Aside from the bureaucracy renaming poor Epinetus to “Nathan” it is most likely that Epinetus could no longer take care of himself either physically or mentally while at home. If his mobility was limited he would surely be throwing his garbage out the side door. However, the “Brunswick Pattern” of discards indicates a low percentage of bone; exactly what was found in the scatter pattern found at Epinetus’ house. South (1977) stated that the lack of bone was a conscious decision; bone and other garbage that would attract animals was thrown far away from the home. Was Epinetus more mobile and thoughtful than it would appear or did someone else live in the home after Epinetus?
Sian Jones (1999), writing about ethnicity states “[Textual sources] rather than being taken at face value, – – should be considered in terms of the social and political contexts in which they were produced, the positions and interests of the authors and the audiences – – and the roles that texts play in – – cultural identity”
I hope that these concerns have not only been taken into consideration, but also stated throughout this paper. I would hasten to add that I, the author, should also be questioned as you are reading this material. My vantage point should not be your vantage point. However, I hope that my vantage point has enlightened your knowledge of the Henry Birdsall family.
Sian Jones (1999) has made the point that “Shared habitual dispositions provide a basis for the recognition of commonalties of sentiment and interest, and the perception and communication of cultural affinities and differences, which ethnicity entails.”
Hence, my reason for including the narrative about the friendship between Henry Birdsall and Abram Storms. They, although possibly unconsciously, recognized the similarities and differences in their ethnicity. John Bessac and David D. Davis’ ethnicity would also play a part in this discourse. Henry and Abram would likely “mentally misstep” when attempting to assimilate what they heard and saw about each of the distinct and different ethnic backgrounds of John Bessac and David D. Davis.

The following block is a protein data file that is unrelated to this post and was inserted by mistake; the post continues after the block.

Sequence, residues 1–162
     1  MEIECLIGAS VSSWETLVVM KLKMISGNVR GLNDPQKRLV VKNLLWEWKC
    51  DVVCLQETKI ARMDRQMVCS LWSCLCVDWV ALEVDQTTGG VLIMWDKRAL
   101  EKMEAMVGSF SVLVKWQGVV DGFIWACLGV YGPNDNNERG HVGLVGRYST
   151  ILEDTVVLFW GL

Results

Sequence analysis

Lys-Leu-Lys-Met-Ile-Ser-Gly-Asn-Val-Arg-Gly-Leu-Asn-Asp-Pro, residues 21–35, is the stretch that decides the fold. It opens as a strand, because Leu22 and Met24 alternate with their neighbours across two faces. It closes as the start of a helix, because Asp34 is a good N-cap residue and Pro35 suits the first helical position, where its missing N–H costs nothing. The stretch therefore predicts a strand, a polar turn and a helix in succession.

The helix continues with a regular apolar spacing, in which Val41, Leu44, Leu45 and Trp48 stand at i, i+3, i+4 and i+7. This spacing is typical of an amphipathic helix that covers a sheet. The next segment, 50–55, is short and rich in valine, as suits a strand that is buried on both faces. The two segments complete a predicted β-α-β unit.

Sian Jones reflects these missteps as ” – – taken for granted modes of behavior. Such exposure to the arbitrariness of cultural practices, which had hitherto been taken as self-evident and natural, permits and requires a change in the level of discourse – – -.”
Henry and Abram had to think differently to conceive what Davis and Bessac were ethnically displaying. This was surely a learning experience and possibly some minor cultural adaptations took place on the part of Henry and Abram . . . . . and possibly on Davis and Bessac also.
Cook, Yamin and McCarthy, Historical Archaeology, 1996, state that the term “socioeconomic status – – – appears to have found its way into the discipline [of historical archaeology] without any critical evaluation of its assumptions. Among these is the assumption that social status and economic status are somehow equivalent, or that the two concepts cannot or should not be analyzed separately from one another.”
Obviously I have fallen into that trap as this paper discusses social status, social levels, economic levels and socioeconomic levels all in one section on class and ethnicity. I have attempted to break that section down into subsections describing each of the above. I hope that I have not confused the reader.
That would leave this conclusion with more questions than answers. However, thanks to Wurst’s article on “Internalizing Class”, other methods were made available that give us a sense of who Henry and Benjamin were, whether they gave cultural continuity to their descendants, and the way this continuity played in the face of a farm economy that was changing into a capital economy.
The whole has been broken down into its manageable parts and analyzed.
It is now up to the reader to reassemble those parts back into a whole that tells a story about two families, separated by culture (and possibly not by birth), who each wove their way through life in very different ways. However different, each family left the world in better condition that they found it; and that is our inheritance whether you are a descendant or an unrelated observer, such as I.
THERE WILL BE SIX OR SEVEN MORE POSTS THAT WILL ACT AS THE APPENDICES; Historical documents and photos.
© Copyright – Waldo Tomosky